In the driving seat
Fancy trying your hand at something new? Liz Harcombe encourages you to have a go at carriage driving
WITH a nod at tradition, a dash of adrenaline and a huge amount of fun and teamwork, carriage driving in East Anglia has something for anyone who enjoys equestrian events. There are many kinds of driving events, apart from the pleasant pastime of trotting along quiet country lanes, perhaps pausing at a pub for refreshment.
The sport of horse driving trials was the brainchild of HRH The Duke of Edinburgh in the late 1960s. It’s based on the three-day eventing format, combining dressage, cross country, and a course of cones, set narrowly apart, and against the clock. The sport suits any type of horse or pony and East Anglia boasts some of the country’s top venues. The East Anglian Carriage Driving Group encourages drivers of all levels to compete in regional events some of which qualify for the National Championships. Those with a penchant for winter sports can compete at indoor venues in a shortened format of the trials, which is perfect for spectators – in woolly hats, of course.
Synthetic easy-clean harness and purpose built carriages with low centre of gravity, disc brakes, metal wheels and clever hydraulic steering systems are the choice of the trials driver. For the traditionalist there are many showing classes to exhibit old carriages and leather harness. The Suffolk County Show draws drivers from the region to show off the movement of their horses in harness, and the correctness of the carriage, harness and driver’s outfits to the judges’ satisfaction. Some of the carriages have a wonderful provenance, up to 150 years old, restored to mint condition and carrying authentic and original accoutrements such as lamps, clocks and umbrella baskets.
A perfect hybrid of trials and showing is the relatively new sport of Attelage De Tradition. Derived in France, this elegant and friendly weekend of exhibiting traditional carriages and performing ‘difficulties’ for points, draws huge crowds on the continent and is increasing the value of older vehicles. There are four UK venues and two are in East Anglia, Sandringham and Euston, held in July and August. This is a genteel and stylish spectator event akin to Henley regatta or Goodwood.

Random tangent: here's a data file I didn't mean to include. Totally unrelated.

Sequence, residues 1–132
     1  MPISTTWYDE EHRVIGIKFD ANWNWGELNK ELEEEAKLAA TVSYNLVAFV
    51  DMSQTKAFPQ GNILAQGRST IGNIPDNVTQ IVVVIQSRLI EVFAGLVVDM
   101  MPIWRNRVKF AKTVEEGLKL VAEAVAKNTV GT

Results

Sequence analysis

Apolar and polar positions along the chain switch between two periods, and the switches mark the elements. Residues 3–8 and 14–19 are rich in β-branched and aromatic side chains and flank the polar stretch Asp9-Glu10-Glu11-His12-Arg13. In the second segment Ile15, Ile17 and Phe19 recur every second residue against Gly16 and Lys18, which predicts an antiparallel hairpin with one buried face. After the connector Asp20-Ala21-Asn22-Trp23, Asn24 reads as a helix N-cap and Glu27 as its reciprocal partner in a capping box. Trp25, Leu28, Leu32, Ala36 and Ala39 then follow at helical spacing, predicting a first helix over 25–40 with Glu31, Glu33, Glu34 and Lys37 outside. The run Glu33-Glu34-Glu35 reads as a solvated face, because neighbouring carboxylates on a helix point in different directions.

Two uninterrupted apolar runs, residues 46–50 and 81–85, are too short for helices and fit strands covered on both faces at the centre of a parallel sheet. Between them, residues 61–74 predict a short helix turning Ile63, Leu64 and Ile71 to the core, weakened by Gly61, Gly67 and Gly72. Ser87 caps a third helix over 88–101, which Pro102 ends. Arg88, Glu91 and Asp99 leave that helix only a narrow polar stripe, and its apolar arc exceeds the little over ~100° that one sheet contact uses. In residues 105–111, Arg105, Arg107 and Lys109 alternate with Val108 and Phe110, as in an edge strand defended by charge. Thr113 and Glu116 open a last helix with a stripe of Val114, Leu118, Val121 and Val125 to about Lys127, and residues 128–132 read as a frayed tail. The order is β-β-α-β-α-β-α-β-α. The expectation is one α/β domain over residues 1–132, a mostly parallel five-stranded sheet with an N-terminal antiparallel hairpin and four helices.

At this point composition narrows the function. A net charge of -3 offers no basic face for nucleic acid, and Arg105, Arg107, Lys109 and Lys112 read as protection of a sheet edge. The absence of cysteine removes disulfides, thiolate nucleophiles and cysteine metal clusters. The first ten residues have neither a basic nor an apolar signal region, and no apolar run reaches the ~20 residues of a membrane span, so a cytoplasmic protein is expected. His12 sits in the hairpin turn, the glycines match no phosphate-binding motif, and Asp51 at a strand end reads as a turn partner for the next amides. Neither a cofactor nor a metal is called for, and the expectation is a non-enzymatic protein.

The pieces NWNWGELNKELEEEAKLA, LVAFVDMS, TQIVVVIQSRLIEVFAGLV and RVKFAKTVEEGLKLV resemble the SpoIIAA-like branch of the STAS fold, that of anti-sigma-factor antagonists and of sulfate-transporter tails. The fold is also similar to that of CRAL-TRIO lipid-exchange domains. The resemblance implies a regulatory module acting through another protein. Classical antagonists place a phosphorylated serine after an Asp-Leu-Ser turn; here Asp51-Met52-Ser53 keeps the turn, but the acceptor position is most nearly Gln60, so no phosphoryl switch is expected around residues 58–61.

Spectating is always free, and volunteering as a steward at an event is entertaining and interesting. Carriage drivers are a friendly bunch, and if you go to any event you will invariably find people willing to spend time talking about their animals, the history of their carriages, offering advice or even a ride on the carriage. Find out more at eacdg.co.uk or indoordriving.co.uk
TAKE THE REINS
If you fancy a go at taking the reins there are opportunities in Suffolk, Essex and Norfolk to drive well-mannered ponies and get a feel for the sport. World Horse Welfare, near Snetterton, runs occasional carriage driving taster days, and rehomes rescued and rehabilitated ponies suitable for driving (call Maxine on 07900802192).
Valley Farm near Woodbridge has a selection of ponies for driving days. Near Soham there is Snailriver Horse Drawn Carriage Company, which specialises in all aspects of driving, from weddings and funerals to training, and lessons for all levels of driver. Near Needham Market contact Liz Harcombe for a carriage driving experience and meet World Horse Welfare Yogi, the rescue pony who has surpassed all expectations and turned his hoof to many styles of event with success (07516958787). Ashfields Carriage and Polo Club is at Great Canfield in Essex and is home to one of the world’s top four in hand drivers, Wilf Bowman-Ripley. There you can visit events and an exhibition and shop for anything you might need to get started (01371 875792).
GO DRIVING! SAYS LINDSEY PUTTOCK, SECRETARY OF SUFFOLK RIDING CLUB
One Saturday, a group of members and friends from Suffolk Riding Club enjoyed a day with Liz Harcombe, learning all about carriage driving. Most of us had little or no experience of this sport and it was truly fascinating. Liz had also invited Lorna Ingram from the East Anglian Carriage Driving Group and Amy Last, an equine dentist and experienced carriage driver, to show us what can be achieved with lots of dedication, work and love for the sport. We spent the day learning about the harness, breaking the ponies to harness and carriage, the carriages themselves, and about a sport which offers a lot of excitement. What really shone through was how slowly and gently Liz trains her ponies with kindness and understanding. Her ‘superstar’ pony, Yogi, is from World Horse Welfare. To see him working and enjoying every minute was fantastic. It shows how smaller ponies can have a whole new life, and a one in which they will not be outgrown. We were all offered an opportunity to have a go, with close supervision, thankfully. It was an amazing experience. For those of us who don’t ride anymore, for various reasons, it’s given us food for thought for the future.
Elegant and enthralling, carriage driving in Suffolk